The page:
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Old 08-31-05, 07:09 PM   #1
TomM
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Assistance For BikeForums Members Affected By Katrina

All,

I have already given to the Red Cross but I want to directly help Bike Forums members who have been affected by Katrina. Although I live in NE FL, I'll do whatever I can. PM or email me. In addtion to posting here, I've post a message over on the forums at http://www.wwltv.com/forums/index.php trying to get the word out.
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Old 08-31-05, 07:42 PM   #2
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Originally Posted by TomM
All,

I have already given to the Red Cross but I want to directly help Bike Forums members who have been affected by Katrina. Although I live in NE FL, I'll do whatever I can. PM or email me. In addtion to posting here, I've post a message over on the forums at http://www.wwltv.com/forums/index.php trying to get the word out.
I think I can speak for everyone that was involved. Thank you. I live in Madison, MS. On Monday morning, we were told that the Gov of MS stated that he wanted all businesses closed by noon. When we left the office at 1100, my car was blowing all over the road...we had gusts up to about 45 then. So, I get home, "tie" everything down and wait...So, the wind, rain and just crap comes. Where I live, which is about 3.5 hrs north of the gulf coast, we were getting like 75mph gusts with sustained winds of around 60mph. We lost power about 4pm on Monday. It was hot that night, but not too bad. Then, it was 94 here. That was bad...then a boil water notice...then, no ice...then, no gas...Today about 4pm, we got power back.

People will ask what they can do??? Pray, Pray, and then Pray. We need all the prayers, support, ice, water, gasoline, anything you think we need, I guarantee it. I am one of the fortunate ones. There are over 900,000 customers within Mississippi alone that have no power. On the coast, they have to rebuild substations, high transmission power lines, then run new lines to the customers.

Send money to the Red Cross. They are a Godsend to us here. My aunt and uncle live in Moss Point, MS which in just this side of Mobile, AL. They lost everything they had. It is just devestating here. People keep saying it looks like a war zone here...I have been to two different war zones (Somalia and Iraq), and they actually look better than we do.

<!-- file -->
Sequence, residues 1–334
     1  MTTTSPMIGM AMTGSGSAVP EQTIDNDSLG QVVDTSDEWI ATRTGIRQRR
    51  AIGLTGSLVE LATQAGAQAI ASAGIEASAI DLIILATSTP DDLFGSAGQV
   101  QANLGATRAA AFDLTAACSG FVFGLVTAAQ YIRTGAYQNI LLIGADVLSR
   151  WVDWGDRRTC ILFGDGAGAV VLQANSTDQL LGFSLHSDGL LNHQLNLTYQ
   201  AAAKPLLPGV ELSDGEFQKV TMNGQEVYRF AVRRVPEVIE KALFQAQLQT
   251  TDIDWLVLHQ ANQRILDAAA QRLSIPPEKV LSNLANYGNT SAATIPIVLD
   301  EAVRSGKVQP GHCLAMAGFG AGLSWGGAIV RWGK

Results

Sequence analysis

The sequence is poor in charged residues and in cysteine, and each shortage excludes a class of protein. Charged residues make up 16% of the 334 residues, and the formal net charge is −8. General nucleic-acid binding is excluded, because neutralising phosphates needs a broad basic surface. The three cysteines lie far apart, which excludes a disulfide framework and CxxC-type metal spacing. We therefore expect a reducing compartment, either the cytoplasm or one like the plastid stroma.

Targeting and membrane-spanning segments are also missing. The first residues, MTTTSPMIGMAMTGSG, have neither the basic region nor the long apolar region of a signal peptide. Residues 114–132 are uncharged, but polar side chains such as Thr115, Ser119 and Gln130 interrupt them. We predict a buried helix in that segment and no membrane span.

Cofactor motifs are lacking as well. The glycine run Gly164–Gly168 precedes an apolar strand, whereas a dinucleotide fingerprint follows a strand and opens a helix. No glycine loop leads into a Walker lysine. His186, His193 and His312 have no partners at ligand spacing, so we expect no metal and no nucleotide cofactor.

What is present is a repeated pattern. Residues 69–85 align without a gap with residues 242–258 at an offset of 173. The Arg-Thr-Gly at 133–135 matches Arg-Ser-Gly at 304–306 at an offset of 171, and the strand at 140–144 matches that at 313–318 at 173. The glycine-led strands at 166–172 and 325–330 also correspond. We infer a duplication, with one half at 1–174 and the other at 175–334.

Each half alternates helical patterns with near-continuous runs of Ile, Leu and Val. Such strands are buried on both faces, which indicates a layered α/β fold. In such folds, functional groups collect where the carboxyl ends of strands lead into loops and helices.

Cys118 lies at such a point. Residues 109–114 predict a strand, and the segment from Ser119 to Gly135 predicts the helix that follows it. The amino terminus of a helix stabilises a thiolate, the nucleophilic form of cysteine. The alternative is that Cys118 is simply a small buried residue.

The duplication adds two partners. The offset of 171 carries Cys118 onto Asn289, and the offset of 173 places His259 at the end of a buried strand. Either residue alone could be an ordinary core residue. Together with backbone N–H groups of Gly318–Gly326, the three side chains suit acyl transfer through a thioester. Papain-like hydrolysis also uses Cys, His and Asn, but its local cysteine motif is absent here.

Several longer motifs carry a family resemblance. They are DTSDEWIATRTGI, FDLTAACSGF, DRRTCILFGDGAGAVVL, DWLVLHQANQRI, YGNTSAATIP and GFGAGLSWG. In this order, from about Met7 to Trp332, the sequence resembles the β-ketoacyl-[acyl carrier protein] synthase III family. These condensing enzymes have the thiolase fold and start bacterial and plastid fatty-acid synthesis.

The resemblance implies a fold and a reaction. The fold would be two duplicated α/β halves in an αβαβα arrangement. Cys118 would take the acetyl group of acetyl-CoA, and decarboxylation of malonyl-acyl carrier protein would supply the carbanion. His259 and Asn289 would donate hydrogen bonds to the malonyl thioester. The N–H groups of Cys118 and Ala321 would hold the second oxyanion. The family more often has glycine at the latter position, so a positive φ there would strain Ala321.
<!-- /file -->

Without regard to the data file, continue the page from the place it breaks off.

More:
Just my view from Katrina...

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Old 08-31-05, 07:54 PM   #3
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Done. You guys have $150 coming your way(technically it's already there, I donated it last thursday).
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Old 08-31-05, 08:11 PM   #4
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I'm holding out just a little bit before I donate because my employer (Honeywell) sometimes will do matching donations for things like this. So I want to wait a few days to see if I can double it.
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Old 08-31-05, 08:58 PM   #5
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Yeah, I go back to work tomorrow and I am sure that my employer (Eaton Aerospace) is (or may already have) going to donate. I cant say thank you enogh for any and all donations. Just remember that monetary donations arent the only thing people in this area need. We need food, water, ice, gasoline, etc...

Thanks again,
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Old 09-01-05, 01:51 AM   #6
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The Red Cross needs cash donations ASAP. http://www.redcross.org/
This is much better than donating material items as it's much easier to convert the funds in to exactly what they need rather than having to inventory and transport randomly donated items. If your employer is matching donations by all means do it that way
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Old 09-01-05, 05:36 AM   #7
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Originally Posted by Raiyn
The Red Cross needs cash donations ASAP. http://www.redcross.org/
This is much better than donating material items as it's much easier to convert the funds in to exactly what they need rather than having to inventory and transport randomly donated items. If your employer is matching donations by all means do it that way
I agree that the red cross needs cash, but I am in the middle of it. I can guarantee you that we need the material items/randoly donated items just as much as money.

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Old 09-01-05, 06:17 AM   #8
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Quote:
Originally Posted by mscycler
I agree that the red cross needs cash, but I am in the middle of it. I can guarantee you that we need the material items/randoly donated items just as much as money.